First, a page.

TWO days after the Rocky Mountain News published its final edition, with rumors permeating the Twitterverse about which newspaper would be next to fall, dozens of journalists gathered to imagine the future of journalism. Jeff Vander Clute summed up one of the themes that came up at last week's Journalism That Matters conference with this ditty:
"... Life plays the A side over and over
It's time for the B side, time for the 'we' side
We can start a new chapter today
We can turn our voices into change ..."
The takeaway? Journalism is entrepreneurial.
The two main questions at the conference were what elements of journalism are essential, and what elements we are ready to shed. Among those considered essential were traditional journalism values such as transparency, accuracy and truth-seeking. Journalists in the room were ready to shed the legacy model -- working for monolithic institutions based on print or broadcast.
These ideas dovetailed with the conference's goals: Figure out the new roles for journalists and the industry and then launch projects that will help promote journalism that matters in the next iteration of the industry.
Throughout the conference, people used Twitter to share what they were discussing. As he was heading to Poynter, Mark Briggs, CEO of Serra Media and author of Journalism 2.0, tweeted what he wanted to accomplish here:
markbriggs: My best possible outcome for #jtmpoynter: develop a Code of Innovation to guide new-era news orgs. Then build one. http://is.gd/llOf
Participants such as Briggs, who left a traditional journalism job for a media startup, contributed to the conference's entrepreneurial spirit. They believe that independent journalists now have opportunities to fill the gaps left by traditional news organizations that may be pulling back in areas such as investigative journalism and community news.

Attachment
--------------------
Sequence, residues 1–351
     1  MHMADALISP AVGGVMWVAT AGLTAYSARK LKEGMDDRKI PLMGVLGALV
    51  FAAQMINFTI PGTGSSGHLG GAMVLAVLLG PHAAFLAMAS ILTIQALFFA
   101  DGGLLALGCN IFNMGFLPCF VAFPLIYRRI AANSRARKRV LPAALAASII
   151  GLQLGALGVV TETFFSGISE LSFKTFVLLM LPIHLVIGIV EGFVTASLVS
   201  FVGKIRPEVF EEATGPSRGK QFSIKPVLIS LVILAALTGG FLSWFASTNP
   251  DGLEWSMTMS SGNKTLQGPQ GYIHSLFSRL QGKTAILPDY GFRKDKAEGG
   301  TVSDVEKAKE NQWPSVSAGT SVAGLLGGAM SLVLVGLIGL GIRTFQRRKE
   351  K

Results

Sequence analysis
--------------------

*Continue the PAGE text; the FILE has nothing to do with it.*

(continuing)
jackiehai: #jtmpoynter The forms that succeed will present authentic voices, news as social capital, choices and freedom to explore.
Yet among all the fresh ideas, the journalists don't want to give up their values. Tom Honig, who describes himself in his Twitter profile as "a 35-year veteran of print who finally left journalism," shared one of those challenges:
bynxbo: Major issue has erupted at #jtmpoynter -- is there a place for objectivity (or fairness) in new media ecology?
Several journalists said they wonder if their news organizations are still too dependent on their old business models to create innovative journalism. Chris Peck, editor of The Commercial Appeal in Memphis, Tenn., responded that if they feel that way, they should strike out on their own.
Doing that takes an understanding of the tools available to deliver news online, and many of the attendees were hungry for that knowledge. For those folks, Django co-creator Jacob Kaplan-Moss and New York Times Interface Engineer Tyson Evans held a few "geek" sessions and hosted a live chat.
People who want to do journalism independently must deal with business and legal issues, not just technical challenges. David Ardia, director of the Citizen Media Law Project, described his initiative to help those people with legal issues such as branding, copyright and setting up a business. In a live chat, he also answered legal questions facing journalists online.
As the conference came to a close, University of Massachusetts student Jackie Hai challenged the participants in a tweet: "Journalists: it's time to be the phoenix." In a blog entry, videos and her tweets, she encouraged "creative destruction."
Everyone left Poynter thumbing through ideas in their notebooks, new links on their Delicious pages and memorable bursts of conversation in their Twitter accounts. Briggs ended the conference with this blog post:
"It's not a question of 'how do you save your newspaper?' ... But a piece of it can be solved if that reporter or his or her editor [focuses] on a form of journalism that is entrepreneurial ... And if it doesn't help save the institution, at least it will position the journalist to continue the important work beyond the life of that institution."
The conversation is continuing. Hai has prompted everyone with questions on Seesmic. If you missed the conference, you can check out photos, videos and tweets from the conference. In the comments below, share your ideas for how you'd like to be entrepreneurial, or answer the question, "What elements of journalism are essential, and what are we ready to shed?"